Under workers' compensation laws in Wisconsin, both workers and employers are protected in a number of situations. In cases where a worker is injured on a job that involves multiple hiring and contracting companies, agreements signed by entities involved can have an impact on how workers' compensation claims are paid.
Two construction-related companies were involved in a case related to a worker injury in Wisconsin. One company, Riley Construction, was the general contractor for the project. Another company, Harsco, was contracted to supply scaffolding.
The contract between Harsco and Riley included an indemnification agreement. Specifically, Riley agreed to be responsible for damages or losses that came from Riley employees using Harsco equipment. Riley would indemnify Harsco related to any such injuries unless the injury was the result of negligence or error on the part of Harsco or its employees, said the agreement.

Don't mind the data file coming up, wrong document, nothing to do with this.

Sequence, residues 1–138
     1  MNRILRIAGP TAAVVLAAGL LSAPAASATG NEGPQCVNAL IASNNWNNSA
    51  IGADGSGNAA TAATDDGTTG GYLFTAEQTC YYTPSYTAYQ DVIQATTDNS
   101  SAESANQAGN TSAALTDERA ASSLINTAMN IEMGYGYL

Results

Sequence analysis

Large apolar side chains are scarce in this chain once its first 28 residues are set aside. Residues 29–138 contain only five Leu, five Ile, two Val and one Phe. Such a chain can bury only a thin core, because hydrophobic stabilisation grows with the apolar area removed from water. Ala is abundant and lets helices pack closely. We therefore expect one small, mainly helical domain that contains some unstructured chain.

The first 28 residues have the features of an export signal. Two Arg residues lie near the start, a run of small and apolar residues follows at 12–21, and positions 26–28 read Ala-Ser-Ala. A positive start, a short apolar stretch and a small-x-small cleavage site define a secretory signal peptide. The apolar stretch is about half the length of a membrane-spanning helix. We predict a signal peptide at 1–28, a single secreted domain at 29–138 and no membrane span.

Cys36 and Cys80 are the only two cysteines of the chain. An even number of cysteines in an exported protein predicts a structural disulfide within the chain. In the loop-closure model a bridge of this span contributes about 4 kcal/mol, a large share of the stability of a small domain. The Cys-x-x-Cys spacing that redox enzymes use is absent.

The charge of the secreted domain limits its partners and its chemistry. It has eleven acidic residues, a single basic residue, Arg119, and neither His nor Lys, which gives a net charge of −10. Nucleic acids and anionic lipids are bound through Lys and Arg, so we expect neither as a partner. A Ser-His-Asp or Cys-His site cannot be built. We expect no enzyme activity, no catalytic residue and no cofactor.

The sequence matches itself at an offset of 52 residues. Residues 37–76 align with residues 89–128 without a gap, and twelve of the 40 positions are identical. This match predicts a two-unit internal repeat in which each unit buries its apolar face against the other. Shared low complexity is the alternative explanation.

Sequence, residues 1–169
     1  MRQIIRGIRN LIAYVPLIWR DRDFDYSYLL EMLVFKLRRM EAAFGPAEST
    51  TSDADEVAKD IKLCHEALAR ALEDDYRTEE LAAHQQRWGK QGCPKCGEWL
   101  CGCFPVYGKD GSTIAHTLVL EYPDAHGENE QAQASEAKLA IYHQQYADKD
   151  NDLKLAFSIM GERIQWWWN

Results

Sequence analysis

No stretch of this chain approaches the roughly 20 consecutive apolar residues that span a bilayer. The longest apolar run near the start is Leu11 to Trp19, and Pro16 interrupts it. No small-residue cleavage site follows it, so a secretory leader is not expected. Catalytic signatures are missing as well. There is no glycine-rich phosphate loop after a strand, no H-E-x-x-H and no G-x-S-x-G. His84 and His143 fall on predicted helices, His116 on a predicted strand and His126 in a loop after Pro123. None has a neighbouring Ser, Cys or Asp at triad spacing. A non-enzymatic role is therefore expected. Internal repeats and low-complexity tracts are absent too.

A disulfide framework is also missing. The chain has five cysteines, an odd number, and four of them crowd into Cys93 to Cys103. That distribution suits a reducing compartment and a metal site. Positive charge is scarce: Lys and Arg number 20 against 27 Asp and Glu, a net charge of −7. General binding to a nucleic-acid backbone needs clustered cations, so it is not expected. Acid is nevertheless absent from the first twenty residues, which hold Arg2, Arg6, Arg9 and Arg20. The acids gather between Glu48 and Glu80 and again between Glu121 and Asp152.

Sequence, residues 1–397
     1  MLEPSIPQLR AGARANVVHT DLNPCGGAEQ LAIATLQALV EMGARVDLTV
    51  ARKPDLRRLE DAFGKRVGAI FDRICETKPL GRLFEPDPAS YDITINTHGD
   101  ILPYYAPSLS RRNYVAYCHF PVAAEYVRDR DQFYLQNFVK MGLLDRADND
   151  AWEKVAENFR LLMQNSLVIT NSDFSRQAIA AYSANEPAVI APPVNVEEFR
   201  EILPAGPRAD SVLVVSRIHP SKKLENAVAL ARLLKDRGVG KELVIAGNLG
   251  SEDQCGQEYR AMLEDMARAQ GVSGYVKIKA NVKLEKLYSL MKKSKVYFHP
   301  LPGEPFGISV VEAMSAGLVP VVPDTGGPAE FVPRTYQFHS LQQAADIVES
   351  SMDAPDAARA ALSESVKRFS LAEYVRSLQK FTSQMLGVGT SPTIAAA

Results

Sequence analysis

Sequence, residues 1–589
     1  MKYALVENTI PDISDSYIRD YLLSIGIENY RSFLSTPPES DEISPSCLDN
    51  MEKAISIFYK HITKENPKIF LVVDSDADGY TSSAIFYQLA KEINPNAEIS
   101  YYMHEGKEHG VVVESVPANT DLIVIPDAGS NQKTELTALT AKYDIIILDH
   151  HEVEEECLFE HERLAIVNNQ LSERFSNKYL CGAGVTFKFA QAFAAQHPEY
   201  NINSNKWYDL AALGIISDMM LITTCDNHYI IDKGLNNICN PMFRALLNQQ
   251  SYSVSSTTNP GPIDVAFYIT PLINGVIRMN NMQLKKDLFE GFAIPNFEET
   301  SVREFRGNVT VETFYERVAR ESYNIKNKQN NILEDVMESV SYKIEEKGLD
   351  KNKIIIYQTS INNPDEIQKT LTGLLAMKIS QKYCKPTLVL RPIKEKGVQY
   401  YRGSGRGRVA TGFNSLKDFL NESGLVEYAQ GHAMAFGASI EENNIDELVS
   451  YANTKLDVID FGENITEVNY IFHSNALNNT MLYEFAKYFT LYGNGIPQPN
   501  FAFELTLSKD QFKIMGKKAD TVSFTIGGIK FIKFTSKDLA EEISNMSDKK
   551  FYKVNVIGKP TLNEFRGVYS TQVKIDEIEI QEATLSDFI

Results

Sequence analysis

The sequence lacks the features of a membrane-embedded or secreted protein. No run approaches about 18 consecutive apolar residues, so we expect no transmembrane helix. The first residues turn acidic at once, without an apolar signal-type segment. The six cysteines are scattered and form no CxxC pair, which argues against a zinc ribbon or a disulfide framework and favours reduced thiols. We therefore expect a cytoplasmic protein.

During the project, a Riley employee fell from the scaffolding. According to reports, another Riley employee put a plank on a scaffold that was undecked. The scaffold broke, causing the fall, which resulted in serious injuries for the employee.
The employee sued Harsco, settling for $900,000. Harsco sought reimbursement from Riley under the indemnification agreement, but Riley fought back in court. Riley claimed that the indemnity provision nullified Wisconsin's workers' compensation law. A final appeals court rejected the argument, stating that the agreement between Riley and Harsco represented a waiver of the workers' compensation exemption.
It's important to note the impact that contracts can have on things like workers' compensation. In this case, the employee wasn't impacted, but the case does show that contracts can include waivers of certain legal rights. Before signing any contract, companies and individuals should understand how agreements may impact future actions.
Source: Daily Reporter, "Don't unwittingly waive your workers' comp exemption," June 27, 2014